With an eye on Amarillo courthouse, US senators push to stop federal judge shopping

By Matthew Choi, The Texas Tribune

WASHINGTON U.S. Senate leaders introduced legislation to end “judge shopping” — a practice that’s made a federal courthouse in Amarillo with a Trump-appointed judge a destination for conservative litigants challenging Biden administration policies.

Senate Majority Leader Chuck Schumer introduced the “End Judge Shopping Act” on Wednesday, which would require judges to be randomly assigned to civil cases that could have state- or nation-wide consequences. The bill codifies a similar rule issued by the Judicial Conference of the United States last month to combat judge shopping. The conference is a congressionally created body that oversees the administration of federal courts.

David Godbey, chief judge for the Northern District of Texas, wrote to Schumer earlier this month saying that the judges in his district would not adhere to the Judiciary Conference’s rule. Schumer, in response, issued a statement that “the Senate will consider legislative options that put an end to this misguided practice.”

Texas has several judicial divisions with just one federal judge, meaning that litigants who file suit in that division can usually predict who their case will be assigned to. Conservative plaintiffs suing the Biden administration have flocked to Amarillo, where U.S. District Judge Matthew Kacsmaryk is the only sitting judge, and has handed down rulings in their favor.

Their cases have touched issues ranging from abortion medication and immigration to LGBTQ worker protections.

A handful of Republican senators protested the Judicial Conference rule, arguing that it’s Congress’ responsibility to determine how cases are assigned — a responsibility Congress delegated to the district courts.

“To state the obvious, Judicial Conference policy is not legislation,” Republican Sens. Mitch McConnell of Kentucky, John Cornyn of Texas and Thom Tillis of North Carolina wrote last month in letters to several chief judges.

McConnell, however, also introduced legislation to tackle judge shopping Wednesday. His bill, the “Stop Helping Outcome Preferences (SHOP) Act,” would limit injunctions to the parties in the case or jurisdiction of the judge, rather than having state- or nationwide effect. It would also sanction attorneys whom a disciplinary body of judges determines has engaged in judge shopping.

Schumer introduced his bill with Senate Judiciary Chair Dick Durbin of Illinois and 38 other Democratic senators. McConnell introduced his bill with Tillis and Sen. Tom Cotton, R-Arkansas.

“Former President Trump and Leader McConnell stacked the courts with MAGA judges who are striking down laws, freedoms, and regulations left and right,” Schumer said in a statement. “We can’t let unelected judges thrash our democracy.”

Speaking from the Senate floor Thursday, McConnell said judge shopping was not limited to conservative causes. He alluded to liberal judges in California who also issued nationwide injunctions to pause former President Donald Trump’s policies. McConnell said the Southern Poverty Law Center and Lambda Legal engaged in judge shopping in a case on transgender care in Alabama — a conclusion shared by a three-judge panel.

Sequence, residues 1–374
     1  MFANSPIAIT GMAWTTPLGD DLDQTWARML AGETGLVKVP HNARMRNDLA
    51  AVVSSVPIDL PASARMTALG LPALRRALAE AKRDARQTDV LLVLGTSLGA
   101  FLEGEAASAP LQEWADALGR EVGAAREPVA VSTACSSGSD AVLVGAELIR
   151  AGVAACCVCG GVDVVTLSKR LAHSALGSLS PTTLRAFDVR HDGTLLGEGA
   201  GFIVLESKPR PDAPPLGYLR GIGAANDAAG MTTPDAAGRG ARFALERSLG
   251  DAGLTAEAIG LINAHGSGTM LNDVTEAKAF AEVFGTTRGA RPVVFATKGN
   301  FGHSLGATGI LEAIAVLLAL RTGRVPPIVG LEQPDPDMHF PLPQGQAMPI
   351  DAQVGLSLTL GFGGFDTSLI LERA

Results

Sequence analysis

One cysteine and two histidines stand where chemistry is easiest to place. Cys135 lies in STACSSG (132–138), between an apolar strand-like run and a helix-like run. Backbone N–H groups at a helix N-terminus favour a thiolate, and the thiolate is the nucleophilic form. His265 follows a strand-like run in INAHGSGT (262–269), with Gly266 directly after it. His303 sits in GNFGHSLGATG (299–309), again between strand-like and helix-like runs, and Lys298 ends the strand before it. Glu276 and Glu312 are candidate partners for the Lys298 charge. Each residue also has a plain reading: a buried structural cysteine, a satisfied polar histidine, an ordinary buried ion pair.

“As I have said before, the problem with venue shopping is not a judge in North Texas,” McConnell said from the Senate floor. “It’s a national problem driven by the ability of single judges everywhere to grant injunctions that are national in scope.”

Texas, however, has been the site of some of the highest profile cases by conservative actors. The Alliance for Hippocratic Medicine, a Tennessee-based anti-abortion group, filed a lawsuit in Amarillo in 2022 challenging the Food and Drug Administration’s approval of the abortion drug mifepristone. The group opened an Amarillo office months before filing their lawsuit in Kacsmaryk’s court.

Kacsmaryk last year suspended the FDA approval — a decision that was panned by the drug’s manufacturer and the Biden administration as interfering in the expertise of a nonpartisan agency. The case is now before the U.S. Supreme Court.

Kacsmaryk, who served as deputy counsel for the right-wing religious liberty law firm First Liberty Institute before Trump appointed him to the bench, is the sole sitting judge in his division, meaning cases filed in the Amarillo courthouse are almost certain to go before him. Kacsmaryk has also ruled against Biden administration efforts to help LGBTQ workers and reinstated the “Remain in Mexico” policy that made asylum seekers wait their claims outside the United States.

The U.S. Supreme Court has taken notice of the practice of nationwide injunctions used to combat Congress and the administration’s directives. Justice Neil Gorsuch, a Trump appointee, described a “rash of universal injunctions or vacatures” during a hearing on the mifepristone case, which he called a “prime example of turning what could be a small lawsuit into a nationwide legislative assembly on an FDA rule.”

“There are exactly zero universal injunctions that were issued during Franklin Delano Roosevelt’s years in office, pretty consequential ones,” Gorsuch said. “And over the last four years or so, the number is something like 60. And maybe more than that.”

Eleanor Klibanoff contributed reporting.

This article originally appeared in The Texas Tribune at https://www.texastribune.org/2024/04/11/judge-shopping-texas-amarillo-kasmaryk-senate/.

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